Second Sunday in Lent B—28 February 2021
The Reverend Canon Professor Scott Cowdell, Hon. Associate Priest
Genesis 17: 1-7, 15-16; Psalm 22: 24-32; Romans 4: 13-25; Mark 8: 31-38
+In the Name of the Father & of the Son & of the Holy Spirit. AMEN.
Some tried and true advice for Lent is to take something up, as well as giving something up. We might take up a Lenten study, a suitable book, a charitable commitment, or just be more serious about prayer and bible reading. As for giving something up, Father Martin wisely reminded us last Sunday that there’s more to it than just doing without booze or chocolate. He suggested that we might give up something we’ve come to overly rely on, that’s become unhelpful to us. And what might that be? … The aim of this taking up and giving up is to become more aligned with Christ’s work in our lives as we prepare for the great giving up of Good Friday, and the great taking up of Easter Sunday.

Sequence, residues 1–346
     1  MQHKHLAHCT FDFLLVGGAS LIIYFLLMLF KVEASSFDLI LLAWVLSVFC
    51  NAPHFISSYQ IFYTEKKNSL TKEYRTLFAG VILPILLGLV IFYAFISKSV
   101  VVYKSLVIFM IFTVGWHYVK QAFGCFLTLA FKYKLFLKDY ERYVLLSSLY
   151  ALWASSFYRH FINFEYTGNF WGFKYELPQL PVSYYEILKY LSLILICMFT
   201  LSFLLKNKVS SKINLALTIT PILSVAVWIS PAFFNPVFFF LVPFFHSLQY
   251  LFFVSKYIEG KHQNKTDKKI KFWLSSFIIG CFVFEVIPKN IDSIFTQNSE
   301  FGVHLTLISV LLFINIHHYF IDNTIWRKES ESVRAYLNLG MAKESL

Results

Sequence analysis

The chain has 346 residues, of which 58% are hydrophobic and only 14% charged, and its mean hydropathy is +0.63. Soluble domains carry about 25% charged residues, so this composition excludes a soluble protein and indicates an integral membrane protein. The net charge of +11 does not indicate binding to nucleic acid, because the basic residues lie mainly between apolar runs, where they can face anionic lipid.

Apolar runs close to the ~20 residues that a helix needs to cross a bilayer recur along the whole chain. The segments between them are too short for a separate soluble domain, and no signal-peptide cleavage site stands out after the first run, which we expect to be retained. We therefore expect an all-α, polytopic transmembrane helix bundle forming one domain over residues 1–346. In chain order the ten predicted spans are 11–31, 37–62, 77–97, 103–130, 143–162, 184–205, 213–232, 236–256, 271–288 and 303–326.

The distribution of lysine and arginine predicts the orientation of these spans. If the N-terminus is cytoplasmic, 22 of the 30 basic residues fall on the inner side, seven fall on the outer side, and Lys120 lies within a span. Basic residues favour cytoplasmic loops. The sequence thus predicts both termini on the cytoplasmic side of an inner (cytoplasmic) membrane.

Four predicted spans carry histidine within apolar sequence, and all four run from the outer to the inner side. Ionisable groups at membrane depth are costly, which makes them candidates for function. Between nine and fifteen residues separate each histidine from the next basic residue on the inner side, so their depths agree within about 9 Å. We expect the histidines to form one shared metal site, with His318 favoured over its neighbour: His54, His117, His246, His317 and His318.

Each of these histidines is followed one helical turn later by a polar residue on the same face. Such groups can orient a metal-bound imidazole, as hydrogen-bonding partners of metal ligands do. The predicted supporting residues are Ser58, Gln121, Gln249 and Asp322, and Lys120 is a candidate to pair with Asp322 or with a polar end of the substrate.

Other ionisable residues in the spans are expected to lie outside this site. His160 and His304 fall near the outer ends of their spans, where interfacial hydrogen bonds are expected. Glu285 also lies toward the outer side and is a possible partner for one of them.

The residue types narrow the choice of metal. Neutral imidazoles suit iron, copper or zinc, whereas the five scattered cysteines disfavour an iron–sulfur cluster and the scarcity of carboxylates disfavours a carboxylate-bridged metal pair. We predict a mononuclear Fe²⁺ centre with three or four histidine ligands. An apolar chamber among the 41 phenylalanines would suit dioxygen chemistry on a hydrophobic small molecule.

Today’s readings each offer versions of giving up and taking up.
The Genesis reading at one level is a fertility story, but at a deeper level it’s a story about trusting God’s promises. Abram and Sarai had long been childless. Abram had already done the Handmaid’s Tale ceremony with his wife’s slave girl, Hagar, who bore a son called Ishmael. The ancient near East also knew various pagan practices for dealing with childlessness, and we see a number of these referenced elsewhere in the Old Testament, from temple prostitution and sacred poles to the use of mandrakes and other charms.
Stories like the one in Genesis today are a rebuke to this pagan world, outdoing its claim to spiritual power. The God of Israel will secure the legacy promised to Abram; God’s blessings to the chosen people will prove reliable. So, there’s no need for conceiving children on the wrong side of the blanket, as Abram did with Hagar, and there’s no need for the assisted reproductive technology of ancient paganism. That whole way of thinking, that whole anxious scrabble to overcome the curse of infertility, has to be given up, while God’s promise is taken up in faith. Which of course means that ancient Abraham and elderly Sarah, freshly renamed, will have to set about trying to conceive a child.